He added that there is an urgent need to popularize biodiversity. “One effective way to accomplish this is to use the power of photos. An old cliché but still very true, a picture paints a thousand words. By translating biodiversity and its relationship with health, food security, Climate change and other everyday human issues into powerful images, we can generate a greater awareness for this often-difficult-to-grasp concept,” Fuentes said.

For his part Delegation of the European Commission to the Philippines Delegation Ambassador Alistair MacDonald said the contest "is an excellent means of increasing public awareness on the importance and beauty of biodiversity. One's photographic eye can encapsulate a very complex issue in a single image."

The contest, which will run from 22 May 2009 to 30 August 2009, is part of ACB’s key thrust to promote regional public awareness on biodiversity conservation. It was also designed to increase the involvement of media practitioners, professional and amateur photographers, young photography hobbyists, and the business sector in generating awareness for biodiversity conservation.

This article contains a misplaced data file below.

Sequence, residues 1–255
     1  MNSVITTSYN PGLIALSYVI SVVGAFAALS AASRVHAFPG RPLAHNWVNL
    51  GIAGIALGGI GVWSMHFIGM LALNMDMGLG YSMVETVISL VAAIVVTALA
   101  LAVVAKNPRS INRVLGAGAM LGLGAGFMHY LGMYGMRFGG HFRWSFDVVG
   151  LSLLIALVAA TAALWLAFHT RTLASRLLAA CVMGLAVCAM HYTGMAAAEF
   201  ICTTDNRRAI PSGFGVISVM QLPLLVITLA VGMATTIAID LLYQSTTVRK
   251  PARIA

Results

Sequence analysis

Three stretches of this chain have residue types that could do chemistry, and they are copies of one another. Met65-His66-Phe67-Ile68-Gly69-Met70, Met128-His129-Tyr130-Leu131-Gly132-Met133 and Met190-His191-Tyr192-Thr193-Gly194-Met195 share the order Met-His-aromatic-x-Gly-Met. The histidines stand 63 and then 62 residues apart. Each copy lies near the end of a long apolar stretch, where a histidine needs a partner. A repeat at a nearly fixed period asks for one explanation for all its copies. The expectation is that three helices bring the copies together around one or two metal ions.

Open to all residents of ASEAN Member States Brunei Darussalam, Cambodia, Indonesia, Lao PDR, Malaysia, Myanmar, Philippines, Singapore, Thailand, and Viet Nam, the contest welcomes entries which are exclusive to the contest, unpublished, and not submitted to previous contests.

Entries should capture various images related to biodiversity (plants, animals, marine life, ASEAN Heritage Parks) or the many benefits that biodiversity brings to human beings, its importance, the threats biodiversity face (deforestation, climate change), or how biodiversity affects lives. Photos showing initiatives to protect biodiversity resources such as plants, animals, and marine Species are also welcome. Entries can also depict: biodiversity as source of food (food and agriculture); biodiversity as source of medicine (health and medicine); biodiversity as source of shelter; biodiversity and climate change; the aesthetic value of biodiversity; biodiversity as source of livelihood; and biodiversity and ecotourism.

For more details on submissions etc., please click here:
Zooming in on Biodiversity
Click for the rambling...